ETA CARINAE: A Massive Supergiant Star
What Do These Images Tell Us?
Eta Carinae is one of the most famous and mysterious stars in our galaxy.
Its mass has been estimated at 120 times the mass of the Sun, making it
a good candidate for the most massive known star in our galaxy.
Angular size of light blue cloud is approximately 8 arc seconds
Chandra's X-ray image of Eta Carinae reveals a hot inner core around this
mysterious superstar. The new X-ray observation shows three distinct structures:
an outer, horseshoe shaped ring about two light years in diameter, a hot
inner core about 3 light months in diameter, and a hot central source less
than a light month in diameter which may contain the superstar.
All three structures are thought to represent shock waves produced by matter
rushing away from the superstar at supersonic speeds. The temperature of
the shock-heated gas ranges from 60 million degrees Celsius in the central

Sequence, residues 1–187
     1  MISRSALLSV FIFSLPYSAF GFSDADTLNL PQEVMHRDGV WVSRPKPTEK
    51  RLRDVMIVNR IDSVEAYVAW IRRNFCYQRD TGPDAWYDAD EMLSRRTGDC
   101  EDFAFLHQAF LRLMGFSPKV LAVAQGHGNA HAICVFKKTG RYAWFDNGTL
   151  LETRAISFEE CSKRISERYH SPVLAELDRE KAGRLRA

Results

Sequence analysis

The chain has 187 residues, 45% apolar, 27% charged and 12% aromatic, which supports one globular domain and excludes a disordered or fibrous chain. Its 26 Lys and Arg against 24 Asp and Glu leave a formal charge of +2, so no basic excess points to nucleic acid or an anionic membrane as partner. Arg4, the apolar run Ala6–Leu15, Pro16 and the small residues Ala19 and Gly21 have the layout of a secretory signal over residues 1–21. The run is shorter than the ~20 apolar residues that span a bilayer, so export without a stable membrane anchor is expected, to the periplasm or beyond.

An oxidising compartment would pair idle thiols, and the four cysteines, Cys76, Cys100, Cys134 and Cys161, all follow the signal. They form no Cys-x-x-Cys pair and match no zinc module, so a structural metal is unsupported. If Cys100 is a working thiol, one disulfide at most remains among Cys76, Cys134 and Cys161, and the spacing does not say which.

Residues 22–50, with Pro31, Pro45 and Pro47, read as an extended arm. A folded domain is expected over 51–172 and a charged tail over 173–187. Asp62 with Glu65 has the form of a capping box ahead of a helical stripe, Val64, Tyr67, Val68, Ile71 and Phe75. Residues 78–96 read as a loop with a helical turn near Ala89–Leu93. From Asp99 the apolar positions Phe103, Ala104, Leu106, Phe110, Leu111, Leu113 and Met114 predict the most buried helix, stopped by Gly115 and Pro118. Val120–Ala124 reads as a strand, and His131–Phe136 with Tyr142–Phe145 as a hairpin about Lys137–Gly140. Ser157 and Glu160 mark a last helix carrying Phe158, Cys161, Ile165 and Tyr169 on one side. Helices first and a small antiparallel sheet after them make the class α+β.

regions to 3 million degrees Celsius on the outer edge.
JAngular size of bipolar nebula = 18 arc seconds
The optical image of Eta Carinae's made by the Hubble Space Telescope reveals
two spectacular bubbles of gas expanding in opposite directions away from
a central bright region at speeds in excess of a million miles per hour.
The inner region visible in the Chandra image has never been resolved before,
and appears to be associated with a central disk of high velocity gas rushing
out at much higher speeds perpendicular to the bipolar optical nebula.
Inset box = 20 arc seconds on a side
The inset box with the optical image of Eta Carinae illustrates its location
relative to the inner region of the X-ray image.
18 micron IR image. Angular size of nebula is approximately 18 arc seconds
Eta Carinae is also the most luminous known star in our galaxy. It radiates
energy at a rate that is 5 million times that of the Sun. Most of this energy
is radiated at infrared wavelengths. It is shrouded in a rapidly expanding
cloud of dust which absorbs radiation from the central star and re-radiates
it in the infrared.
Return to Eta Carinae (08 Oct 99)
Angular size of nebula is approximately 18 arc seconds
This radio image of Eta Carinae (frequency = 5 Ghz) shows much the same
overall structure as the optical image. The bright feature at the center
of the radio image is where the star is: the emission here is effectively
"burnt out". In recent years Eta Carinae has undergone a radio outburst
which makes it one of the brightest radio stars in the sky.